PART TWO OF A TWO PART SERIES
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There are a number of fronts on which the harsher impacts of an increasingly globalised and commodified world economy are being resisted and beaten back. From the wealthiest individuals acting through their philanthropy, via the major corporations (which can have greater influence than most nation states), to individuals making choices as consumers and employees, there is an increasing trend away from charity and voluntarism existing separately from the desire to use wealth to create a more sustainable and socially constructive economy1.
The new philanthropists
There is an increasing feeling that the early decades of the 21st century are in some ways a reprisal of the early part of the 20th century. Economists, notably Thomas Piketty, highlight the return of significant concentrations of wealth and the potential for those concentrations to become entrenched. Governments, responding to the economic crisis which began in 2008 and has not yet fully passed, have slashed state spending on social programmes.
This has led to a resurgence of philanthropy as a vital component of the social order. Many of the world’s wealthiest individuals and families have committed large parts of their fortunes to philanthropy – emulating the great names of the 19th and 20th centuries such as Getty, the Cadbury family and Wellcome. Facebook founder Mark Zuckerberg is only the most recent of the world’s wealthiest people to follow the example of the Giving Pledge initiated by Warren Buffet and Bill and Melinda Gates.
End of the enduring foundation?
Although there are similarities between the early 20th and 21st centuries, there are also important differences that affect the ways in which philanthropy is executed. Among the ultra-wealthy, there is a trend away from establishing enduring foundations towards lifetime giving. Among those with smaller and perhaps more volatile resources, there is also a trend towards providing returnable capital as an alternative to absolute gifts.
A common theme for both groups is an increasing demand for rigour in the design and implementation of social and environmental programmes. Many of the projects supported by philanthropists are ‘high impact today’ programmes delivering major environmentally friendly infrastructure or addressing disease eradication or extreme poverty. Impact investors and active philanthropists will require detailed financial and operating plans that demonstrate business rigour in deploying funding. More importantly, they will be seeking evidence to demonstrate the social value created by the projects they support.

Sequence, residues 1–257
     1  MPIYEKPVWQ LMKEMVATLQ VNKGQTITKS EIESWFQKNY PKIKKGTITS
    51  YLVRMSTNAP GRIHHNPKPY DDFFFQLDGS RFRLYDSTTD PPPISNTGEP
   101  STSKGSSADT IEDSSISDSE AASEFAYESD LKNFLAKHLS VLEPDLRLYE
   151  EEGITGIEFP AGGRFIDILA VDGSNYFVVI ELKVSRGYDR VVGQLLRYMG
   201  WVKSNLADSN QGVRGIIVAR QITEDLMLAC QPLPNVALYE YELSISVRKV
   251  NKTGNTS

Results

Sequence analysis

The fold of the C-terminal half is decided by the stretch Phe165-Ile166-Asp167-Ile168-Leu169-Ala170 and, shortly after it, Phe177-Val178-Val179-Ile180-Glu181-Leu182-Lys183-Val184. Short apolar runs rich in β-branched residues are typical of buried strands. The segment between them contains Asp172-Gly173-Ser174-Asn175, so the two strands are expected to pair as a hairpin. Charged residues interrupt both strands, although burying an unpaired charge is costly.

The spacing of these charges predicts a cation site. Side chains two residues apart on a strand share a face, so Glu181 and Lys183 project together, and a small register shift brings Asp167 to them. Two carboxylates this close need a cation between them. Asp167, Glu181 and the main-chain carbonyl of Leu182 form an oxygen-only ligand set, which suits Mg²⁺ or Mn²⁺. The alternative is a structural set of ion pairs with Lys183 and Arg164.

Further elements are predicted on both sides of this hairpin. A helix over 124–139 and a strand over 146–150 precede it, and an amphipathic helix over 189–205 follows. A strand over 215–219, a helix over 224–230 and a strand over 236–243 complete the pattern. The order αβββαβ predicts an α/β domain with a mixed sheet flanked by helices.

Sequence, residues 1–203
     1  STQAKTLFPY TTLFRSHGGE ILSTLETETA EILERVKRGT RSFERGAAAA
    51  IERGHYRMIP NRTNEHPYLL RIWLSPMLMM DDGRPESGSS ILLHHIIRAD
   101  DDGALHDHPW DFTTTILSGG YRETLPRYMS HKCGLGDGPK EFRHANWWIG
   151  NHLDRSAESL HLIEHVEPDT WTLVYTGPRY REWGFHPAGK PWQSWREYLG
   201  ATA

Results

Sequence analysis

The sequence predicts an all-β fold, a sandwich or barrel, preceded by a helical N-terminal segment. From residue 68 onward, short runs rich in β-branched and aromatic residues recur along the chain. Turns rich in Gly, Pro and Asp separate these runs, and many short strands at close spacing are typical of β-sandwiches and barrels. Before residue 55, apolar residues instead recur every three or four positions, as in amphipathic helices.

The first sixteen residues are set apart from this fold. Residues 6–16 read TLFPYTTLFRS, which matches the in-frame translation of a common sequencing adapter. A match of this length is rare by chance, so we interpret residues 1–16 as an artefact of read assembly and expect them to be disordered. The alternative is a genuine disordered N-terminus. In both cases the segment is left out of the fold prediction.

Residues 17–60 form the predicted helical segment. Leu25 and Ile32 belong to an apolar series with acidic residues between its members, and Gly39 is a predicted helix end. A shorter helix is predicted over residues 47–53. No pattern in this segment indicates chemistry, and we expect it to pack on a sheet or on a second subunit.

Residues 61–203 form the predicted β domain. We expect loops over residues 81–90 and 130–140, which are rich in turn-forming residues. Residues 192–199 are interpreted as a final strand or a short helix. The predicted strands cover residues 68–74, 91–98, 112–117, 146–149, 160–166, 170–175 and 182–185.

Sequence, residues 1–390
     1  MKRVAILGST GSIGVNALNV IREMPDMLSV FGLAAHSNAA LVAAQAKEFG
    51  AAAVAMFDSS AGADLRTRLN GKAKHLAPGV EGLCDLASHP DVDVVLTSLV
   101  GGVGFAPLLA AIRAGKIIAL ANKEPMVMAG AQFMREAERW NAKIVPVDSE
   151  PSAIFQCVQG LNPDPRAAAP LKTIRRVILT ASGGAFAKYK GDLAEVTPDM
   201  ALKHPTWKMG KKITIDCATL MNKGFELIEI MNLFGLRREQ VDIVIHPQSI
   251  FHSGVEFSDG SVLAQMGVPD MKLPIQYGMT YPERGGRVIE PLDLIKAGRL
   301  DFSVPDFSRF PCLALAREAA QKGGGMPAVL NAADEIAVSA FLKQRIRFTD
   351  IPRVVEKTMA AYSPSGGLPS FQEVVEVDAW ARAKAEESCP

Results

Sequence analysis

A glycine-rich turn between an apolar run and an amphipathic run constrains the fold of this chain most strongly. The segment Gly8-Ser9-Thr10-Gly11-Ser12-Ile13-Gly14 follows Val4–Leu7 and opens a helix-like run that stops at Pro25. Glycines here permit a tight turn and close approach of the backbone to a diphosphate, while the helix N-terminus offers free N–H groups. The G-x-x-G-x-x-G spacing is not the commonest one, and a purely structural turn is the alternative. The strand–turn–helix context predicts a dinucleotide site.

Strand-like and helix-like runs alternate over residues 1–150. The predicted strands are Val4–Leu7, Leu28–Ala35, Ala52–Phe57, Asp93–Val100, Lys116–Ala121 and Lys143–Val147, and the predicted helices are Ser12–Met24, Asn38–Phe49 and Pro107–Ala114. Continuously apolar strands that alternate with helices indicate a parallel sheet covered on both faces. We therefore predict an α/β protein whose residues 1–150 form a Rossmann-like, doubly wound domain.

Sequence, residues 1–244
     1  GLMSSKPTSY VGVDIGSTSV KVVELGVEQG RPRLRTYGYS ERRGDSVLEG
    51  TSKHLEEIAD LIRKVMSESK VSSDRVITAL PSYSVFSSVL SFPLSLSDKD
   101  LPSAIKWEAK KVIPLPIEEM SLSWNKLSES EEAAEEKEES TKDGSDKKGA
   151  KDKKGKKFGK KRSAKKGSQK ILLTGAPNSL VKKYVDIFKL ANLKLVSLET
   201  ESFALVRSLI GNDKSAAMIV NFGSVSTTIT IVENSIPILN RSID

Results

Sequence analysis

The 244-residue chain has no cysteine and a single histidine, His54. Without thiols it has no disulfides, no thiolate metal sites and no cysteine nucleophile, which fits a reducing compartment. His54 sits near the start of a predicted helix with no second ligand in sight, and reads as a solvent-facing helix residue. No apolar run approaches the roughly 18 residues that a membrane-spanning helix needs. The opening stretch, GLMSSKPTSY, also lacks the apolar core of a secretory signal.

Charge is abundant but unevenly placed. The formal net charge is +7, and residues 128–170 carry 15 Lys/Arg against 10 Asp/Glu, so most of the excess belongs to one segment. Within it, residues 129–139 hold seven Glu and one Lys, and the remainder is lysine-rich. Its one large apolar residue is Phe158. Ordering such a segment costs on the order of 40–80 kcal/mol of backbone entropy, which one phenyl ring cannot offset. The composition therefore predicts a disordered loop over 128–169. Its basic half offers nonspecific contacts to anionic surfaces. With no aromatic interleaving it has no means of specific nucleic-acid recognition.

Care, act, quantify
Much has been written about the need for charities and other social purpose organisations to be able to demonstrate their impact. Equally, the pitfalls of ‘commodifying’ social and environmental interventions and driving out the intangible benefits of the caring ethos that brought most charities into existence are well rehearsed. In response to these arguments, a growing professional community has grown up around meeting the demand for data, as ‘hard’ as possible in the circumstances but which retains the primacy of social objectives.
The ambitions of those concerned with social value creation have been growing. Jeremy Nicholls is Chief Executive of Social Value UK, which spearheaded Social Return on Investment – one of the most widely adopted, and donor-accepted, methods of reporting social value. He also sits on a panel of the Institute of Chartered Accountants in England and Wales, exploring ways in which businesses might also account for their creation and use of natural and social capital.
Reporting social value
Nicholls and others are bringing consideration of social and environmental value into the mainstream. The integrated reporting initiative aims to bring awareness of social and environmental impact into large corporates’ core accountability and governance processes. Pioneering work, such as the ‘EP&L’ reporting by sportswear giant Puma, is leading the way in this direction. These methodologies look at both conscious creation of social value through good business practice and the management of potential destruction or, more kindly viewed, consumption of social value.
Where is the greatest potential for social value?
This broader view of social value takes the perceived monopoly on the creation of social value away from the third sector. There is huge potential for companies to create more social value or alternatively reduce their negative social value. Corporate social responsibility is already being driven by customer attitudes, government legislation and employees themselves. However, it is also accepted that corporates are only at the beginning of the journey of engaging with social responsibility.
This is in no small part down to the lack of information available in much of the corporate world. Whilst measures on profitability and risk are integrated into the fabric of every successful business, information on social value in most organisations remains scarce. It is scarce not only at a corporate level, but also at an individual level – few staff would have any clue as to the extent to which their actions were creating or consuming social value on any more than an anecdotal basis.